My friend and I tried building a go-cart when I was about eight years old. He was a year older than me, if I remember correctly, and a pretty smart guy. I thought this because he talked a lot about things that I didn't know much about, like sex and computers.
He told me that I was born because my parents had sex.
I said that if that's the case, then his parents must have had sex too.
He said that they didn't.
The go-cart we were making was laid out on his driveway and front lawn as pieces of scrap wood, nuts and bolts, some other tools, and some wheels from a skateboard. I sat there and mostly watched my smart friend piece the random parts together. In my mind I imagined a wooden-box-shaped tub-on-wheels, coasting down Shady Hollow Drive like some episode of "The Little Rascals," or a scene from a Norman Rockwell painting, but with me in it.
Today, I said out loud, "I want for it to change my life."
Those are strong words filled with so many expectations.
I've enrolled in three night classes this semester; two are in computing, and the third is in basic sewing techniques. Sometimes when I tell people that I'm taking such courses, they ask if I want to become whatever professional person is assigned to that particular specialty.
Do you want to become and animator?
Do you want to become a fashion designer?
None of the above.
I just want to expand as person, learn more, and live a full life.
I think I've been coasting on auto-pilot for some time now. This is not to sound aloof or arrogant, or even ungrateful, but it's the truth.
Why do you want to become an animator?
Why do you want to become a fashion designer?
I told you.
Well not entirely, that is.
I've always believed that one's art and craft are extensions of themselves, whether aesthetically or conceptually, and so as a person changes, it makes sense for their work to do so as well. Within the medium that I have been working in (Adobe Illustrator) my work has changed considerably; however, I find that the more time that I spend using this material (because the software is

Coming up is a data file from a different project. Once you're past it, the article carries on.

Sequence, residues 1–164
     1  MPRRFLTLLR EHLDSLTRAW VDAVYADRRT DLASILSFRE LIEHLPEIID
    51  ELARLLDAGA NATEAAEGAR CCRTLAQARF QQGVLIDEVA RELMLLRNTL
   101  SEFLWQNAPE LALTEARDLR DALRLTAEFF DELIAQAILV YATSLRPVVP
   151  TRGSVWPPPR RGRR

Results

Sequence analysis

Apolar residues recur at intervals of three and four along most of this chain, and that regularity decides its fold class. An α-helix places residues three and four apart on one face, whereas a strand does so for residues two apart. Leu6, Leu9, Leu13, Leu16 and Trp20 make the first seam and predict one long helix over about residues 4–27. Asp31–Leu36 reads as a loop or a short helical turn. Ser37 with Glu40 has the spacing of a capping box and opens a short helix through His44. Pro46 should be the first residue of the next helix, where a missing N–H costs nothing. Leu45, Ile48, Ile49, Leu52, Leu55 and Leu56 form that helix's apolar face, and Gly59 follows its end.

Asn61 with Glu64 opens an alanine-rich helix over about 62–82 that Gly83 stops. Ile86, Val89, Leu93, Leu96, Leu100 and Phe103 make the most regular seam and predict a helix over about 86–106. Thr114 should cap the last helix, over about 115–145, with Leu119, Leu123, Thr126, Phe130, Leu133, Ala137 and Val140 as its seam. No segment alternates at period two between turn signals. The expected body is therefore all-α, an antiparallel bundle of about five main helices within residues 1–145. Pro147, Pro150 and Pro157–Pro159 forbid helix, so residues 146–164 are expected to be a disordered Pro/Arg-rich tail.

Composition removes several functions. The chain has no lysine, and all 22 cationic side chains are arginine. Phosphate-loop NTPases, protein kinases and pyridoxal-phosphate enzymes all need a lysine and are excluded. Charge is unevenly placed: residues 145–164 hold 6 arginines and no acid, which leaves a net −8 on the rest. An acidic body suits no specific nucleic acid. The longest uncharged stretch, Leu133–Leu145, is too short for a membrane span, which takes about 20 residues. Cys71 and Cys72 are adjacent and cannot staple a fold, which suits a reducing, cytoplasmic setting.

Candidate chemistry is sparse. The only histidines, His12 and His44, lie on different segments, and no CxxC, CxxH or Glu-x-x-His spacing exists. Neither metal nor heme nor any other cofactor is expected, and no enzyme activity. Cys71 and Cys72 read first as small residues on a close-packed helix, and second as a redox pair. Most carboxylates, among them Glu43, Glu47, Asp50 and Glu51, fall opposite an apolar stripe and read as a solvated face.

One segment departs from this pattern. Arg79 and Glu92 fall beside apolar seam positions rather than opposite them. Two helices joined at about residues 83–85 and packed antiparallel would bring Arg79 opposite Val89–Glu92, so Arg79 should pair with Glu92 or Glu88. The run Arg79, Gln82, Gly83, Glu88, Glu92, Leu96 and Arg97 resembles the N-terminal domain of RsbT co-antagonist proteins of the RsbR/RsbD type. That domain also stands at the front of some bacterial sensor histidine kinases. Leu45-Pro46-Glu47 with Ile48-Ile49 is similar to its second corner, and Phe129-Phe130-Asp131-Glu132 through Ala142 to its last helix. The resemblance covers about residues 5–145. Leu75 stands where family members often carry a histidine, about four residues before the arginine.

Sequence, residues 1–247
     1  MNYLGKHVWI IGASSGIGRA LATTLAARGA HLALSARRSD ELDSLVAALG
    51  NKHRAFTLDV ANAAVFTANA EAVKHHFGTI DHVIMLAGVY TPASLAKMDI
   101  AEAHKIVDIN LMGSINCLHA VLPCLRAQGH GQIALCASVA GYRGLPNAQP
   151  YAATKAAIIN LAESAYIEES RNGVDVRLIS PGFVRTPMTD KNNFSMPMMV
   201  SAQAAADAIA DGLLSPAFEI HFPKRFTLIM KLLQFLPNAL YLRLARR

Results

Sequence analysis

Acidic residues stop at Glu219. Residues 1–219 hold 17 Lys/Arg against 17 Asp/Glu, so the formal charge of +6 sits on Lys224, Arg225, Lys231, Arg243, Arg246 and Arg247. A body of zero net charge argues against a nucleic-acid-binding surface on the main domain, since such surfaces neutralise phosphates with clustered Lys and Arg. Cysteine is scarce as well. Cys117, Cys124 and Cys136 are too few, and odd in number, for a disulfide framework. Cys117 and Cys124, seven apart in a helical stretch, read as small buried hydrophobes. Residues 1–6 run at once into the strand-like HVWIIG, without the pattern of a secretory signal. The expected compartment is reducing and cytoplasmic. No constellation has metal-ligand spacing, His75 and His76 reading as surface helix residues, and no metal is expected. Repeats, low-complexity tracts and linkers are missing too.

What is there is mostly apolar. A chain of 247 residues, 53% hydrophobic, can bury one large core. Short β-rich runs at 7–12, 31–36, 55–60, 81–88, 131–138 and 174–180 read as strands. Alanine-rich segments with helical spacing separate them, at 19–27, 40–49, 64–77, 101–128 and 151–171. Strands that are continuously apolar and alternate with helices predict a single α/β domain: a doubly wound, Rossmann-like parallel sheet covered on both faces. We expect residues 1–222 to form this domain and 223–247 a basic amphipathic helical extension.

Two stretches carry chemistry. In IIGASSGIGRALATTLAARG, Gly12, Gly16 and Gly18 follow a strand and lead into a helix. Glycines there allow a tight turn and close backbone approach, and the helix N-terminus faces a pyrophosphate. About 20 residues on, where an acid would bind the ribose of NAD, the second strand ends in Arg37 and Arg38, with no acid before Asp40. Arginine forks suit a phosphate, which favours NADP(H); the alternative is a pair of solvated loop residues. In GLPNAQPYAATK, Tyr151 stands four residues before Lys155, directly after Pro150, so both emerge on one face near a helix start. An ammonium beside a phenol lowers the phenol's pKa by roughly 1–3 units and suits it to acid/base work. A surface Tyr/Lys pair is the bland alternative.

the material and tool that I choose to use) I'm becoming less surprised by what this medium can do for me.
Today I used "code" or "coding" (gosh, I don't even know the proper jargon to use) to create a digital brush from an online open source, I assume that's what it was - a brush tool? - and I also learned how to create a circuit and then program the board to turn an LED light on. I have no idea how this is related to illustration, but I can tell you that the kid inside of me is skipping right now. I feel like a character in Dave Hickey's book "Air Guitar," the kind of person who can talk incessantly about things in their life that they love: like books, and surfing, and music to others. I met one of these people once at a framing shop in Manhattan, who moved to New York City during the early eighties from India. He was the son of Master Printmaker, who learned about this artform from his father. When he moved to New York City as a young adult, he continued to work in this field through some chance encounter with a stranger who also happened to work in a printmaking studio. That's a terrible and anticlimactic short version of the story, but more than anything, I recall the life in his voice, and the excitement in his gestures. That's what it feels like when I'm learning how to code. That's what it feels like when I'm learning how to sew. That's what it feels like when I'm learning how to animate.
We never did complete the go-cart. I think in our heads we imagined it would be done in an afternoon, and maybe it would've been if we had the help of an adult, but it was just the two of us mining through the supplies in front of us that we didn't know how to use, nor how to piece together. Still, it was a good day to have our imaginations fueled and sparked by the possibility of trying something new, trying and failing and then trying again.
* The image above was created using "Processing," a free and open source software that can be found online at http://processing.org